Micro Mart

Retro Gaming News

Author: Dave E
Publisher: Monument Microgames
Machine: Spectrum 48K/128K

Published in Micro Mart #1437

You've never heard of Monument Microgames?! That's not surprising actually - they've been quiet for two years. But they're back, and Dave Edwards has got his hands on their latest, surprisingly good, Spectrum game

Monument Microgames

Monument Microgames publishes its games on original cassette and if you think of Cronosoft as a "budget" label then Monument is its more "upmarket" cousin. Its brand new release Future Looter comes with not just a tape containing the new game for the Spectrum 48K but also a badge, a data CD (with an emulator version of the game) and a snazzy fold-out instruction manual. Of course, this is only as amazing as it sounds if the actual game is worthy of all the hype. So is it...?

Future Looter

I had a peculiar feeling of deja vu on venturing into this game. It is set in some flick-screen caverns, you must navigate your spaceship through them and once a room is crossed, and there's no going back. Sounds familiar? Maybe because it's similar to new Spectrum cavern exploration game Vallation (Tardis Remakes, MM #1430) reviewed just three weeks ago? However, something told me that my sense of deja vu didn't spring from that alone. It was when I saw the game's authors (Timmy and Mister Beep) that it fell into place. These were the very guys who brought us Forest Raider Cherry (MM #1346), and I'd put money on both games having been built with the same game designing tools - because overhead information, sprite size, speed and just about everything else is practically identical.

As I've only just put down Vallation, it's impossible not to compare it with Future Looter. All things considered, Future Looter is more varied and thus better fun. That's because, whilst both games share a basic premise of "crossing the screen without being hit by anything", in Future Looter, this is really only half the story. In Vallation, you can just learn "what fires when" and, with a bit of practice, you'll be able to cross every room first-time every time.

Future Looter

That strategy won't work here as many of Future Looter's foes are much less predictable. There are guns, for example, which fire random shots, waiting a different number of seconds between each burst of gunfire. This forces you to take cover behind elements of scenery as you advance towards them. Additionally, there are obstructions best described as capital "X"s which need to be shot away. And there are puzzles which involve the "X"s, yet further obstructions and the very roaming nasties that you must avoid in the first place.

For example, on the second level you'll be confronted with a room in which a cheeky-looking emoticon begins "boxed" into a particular area. Shoot away one of the Xs and he will be released. And release him you must, because only he will be able to clear away the red/white balls blocking your exit. Just make sure he doesn't bump into you at the same time!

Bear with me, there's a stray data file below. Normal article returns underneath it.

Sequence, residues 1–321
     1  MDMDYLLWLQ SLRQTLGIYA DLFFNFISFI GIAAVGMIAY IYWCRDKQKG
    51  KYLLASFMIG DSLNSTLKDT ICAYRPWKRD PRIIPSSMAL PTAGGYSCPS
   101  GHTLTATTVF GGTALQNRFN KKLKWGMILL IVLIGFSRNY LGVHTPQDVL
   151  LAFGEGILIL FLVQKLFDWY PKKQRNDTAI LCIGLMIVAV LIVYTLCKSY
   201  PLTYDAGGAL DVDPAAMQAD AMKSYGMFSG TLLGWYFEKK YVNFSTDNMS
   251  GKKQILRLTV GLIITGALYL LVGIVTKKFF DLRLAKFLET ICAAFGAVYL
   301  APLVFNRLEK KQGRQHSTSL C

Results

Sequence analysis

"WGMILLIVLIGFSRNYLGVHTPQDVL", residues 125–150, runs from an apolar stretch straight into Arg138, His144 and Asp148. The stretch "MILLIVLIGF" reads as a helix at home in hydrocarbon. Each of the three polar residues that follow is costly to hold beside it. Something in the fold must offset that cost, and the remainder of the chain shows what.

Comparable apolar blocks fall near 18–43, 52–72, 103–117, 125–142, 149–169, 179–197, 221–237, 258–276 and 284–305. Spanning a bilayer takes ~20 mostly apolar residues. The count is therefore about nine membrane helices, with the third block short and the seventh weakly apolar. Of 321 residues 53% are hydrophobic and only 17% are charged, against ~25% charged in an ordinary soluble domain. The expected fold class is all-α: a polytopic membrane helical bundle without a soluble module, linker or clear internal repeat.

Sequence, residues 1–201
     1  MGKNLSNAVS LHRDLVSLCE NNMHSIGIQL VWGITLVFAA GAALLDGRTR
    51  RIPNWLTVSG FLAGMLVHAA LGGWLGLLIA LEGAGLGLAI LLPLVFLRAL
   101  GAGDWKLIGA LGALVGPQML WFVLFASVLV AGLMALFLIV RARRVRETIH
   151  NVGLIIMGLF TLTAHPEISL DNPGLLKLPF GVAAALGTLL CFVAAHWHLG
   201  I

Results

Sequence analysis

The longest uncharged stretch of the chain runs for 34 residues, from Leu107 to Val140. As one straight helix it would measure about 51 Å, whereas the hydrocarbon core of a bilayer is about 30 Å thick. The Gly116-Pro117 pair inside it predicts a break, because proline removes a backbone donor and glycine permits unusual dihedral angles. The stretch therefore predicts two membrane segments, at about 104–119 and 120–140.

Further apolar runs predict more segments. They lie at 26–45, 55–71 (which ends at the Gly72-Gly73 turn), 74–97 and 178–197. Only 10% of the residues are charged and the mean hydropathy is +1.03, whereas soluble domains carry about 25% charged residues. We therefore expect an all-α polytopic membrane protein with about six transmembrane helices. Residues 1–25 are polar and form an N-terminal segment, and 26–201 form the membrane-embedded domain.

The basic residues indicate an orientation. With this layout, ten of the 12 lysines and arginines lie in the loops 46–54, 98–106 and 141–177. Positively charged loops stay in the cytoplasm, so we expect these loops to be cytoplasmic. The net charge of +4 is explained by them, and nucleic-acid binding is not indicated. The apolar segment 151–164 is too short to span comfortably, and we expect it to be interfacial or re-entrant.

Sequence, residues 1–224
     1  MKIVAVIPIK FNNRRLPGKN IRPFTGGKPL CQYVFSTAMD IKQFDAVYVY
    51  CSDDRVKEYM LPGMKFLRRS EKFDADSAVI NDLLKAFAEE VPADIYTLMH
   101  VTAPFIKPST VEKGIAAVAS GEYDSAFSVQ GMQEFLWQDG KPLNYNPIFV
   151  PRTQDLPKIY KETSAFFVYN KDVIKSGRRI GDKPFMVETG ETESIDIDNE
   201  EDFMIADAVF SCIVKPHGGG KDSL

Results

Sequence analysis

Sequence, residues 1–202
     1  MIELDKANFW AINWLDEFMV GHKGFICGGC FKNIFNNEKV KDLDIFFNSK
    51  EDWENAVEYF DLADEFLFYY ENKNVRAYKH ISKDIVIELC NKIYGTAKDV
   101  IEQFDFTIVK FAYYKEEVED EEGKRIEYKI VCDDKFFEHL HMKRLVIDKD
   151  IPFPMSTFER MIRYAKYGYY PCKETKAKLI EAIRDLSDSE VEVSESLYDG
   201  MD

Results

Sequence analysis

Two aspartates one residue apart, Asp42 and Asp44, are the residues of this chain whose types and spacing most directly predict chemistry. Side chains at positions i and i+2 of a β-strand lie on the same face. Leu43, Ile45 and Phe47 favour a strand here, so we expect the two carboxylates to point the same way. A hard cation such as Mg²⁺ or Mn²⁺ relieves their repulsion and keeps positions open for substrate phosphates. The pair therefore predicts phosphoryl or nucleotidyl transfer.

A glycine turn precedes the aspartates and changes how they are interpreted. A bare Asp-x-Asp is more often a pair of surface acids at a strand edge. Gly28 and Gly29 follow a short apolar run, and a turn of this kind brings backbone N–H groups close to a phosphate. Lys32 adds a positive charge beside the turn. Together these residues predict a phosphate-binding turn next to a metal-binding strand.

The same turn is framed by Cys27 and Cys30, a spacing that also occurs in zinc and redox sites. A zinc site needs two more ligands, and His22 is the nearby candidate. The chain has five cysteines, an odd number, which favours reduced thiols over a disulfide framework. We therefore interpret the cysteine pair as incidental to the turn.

The mixture of the predictable and the unpredictable foes works surprisingly well. Every sporadic challenging screen where you must solve a puzzle (or be very lucky/reckless with your positioning/firepower) is followed by a few more relaxed ones which just need you to glide through without being touched. But if you're thinking that sounds like there's not too much action, then you'd be wrong. There are also the obligatory marauding nasties to just zap on sight.

Future Looter

All of this makes for a nice-looking and very playable game. Animation is excellent too, with all sprites moving at just the right speed to suit the action. You're bound to be impressed by the spectacular, colourful, erupting volcanoes scattered throughout. Their lava, which is almost impossible to avoid, doesn't kill you but depletes the bonus timer at the top right of the screen display if it makes contact with you - so try and get past them quickly.

The only real drawback is that, as you might be aware, the Spectrum suffers from only allowing two colours to share the same 8x8 area within its sprites. Some of Monument's more recent games (El Stompo, for example) had found a way past this limitation. Here however, it's back. There's no actual colour clash - but the sprites are essentially monochrome painted in whatever primary colour best suits the sprite. This is noticeable as a limitation, though it's not particularly bad.

Finally, don't be confused by the dark purple "doors" that litter the caverns - they don't open, they're just scenery. The one exit that is open is the one you must take to proceed.

In Conclusion

Future Looter isn't - and doesn't claim to be - a futuristic game. Rather, it's a homage to the past; a rehash of a tried-and-tested formula with a few puzzle elements thrown in for good measure. I haven't played too many of these space-cavern-station-shooter-style games but on balance I liked it less that the seminal Plan B, a little more than Vallation and a heck of a lot more than Cray 5 (MM #1386).

You can pick up your own copy of it for £7.50 complete with all the goodies from https://www.facebook.com/search/top/?q=monument%20microgames

Dave E

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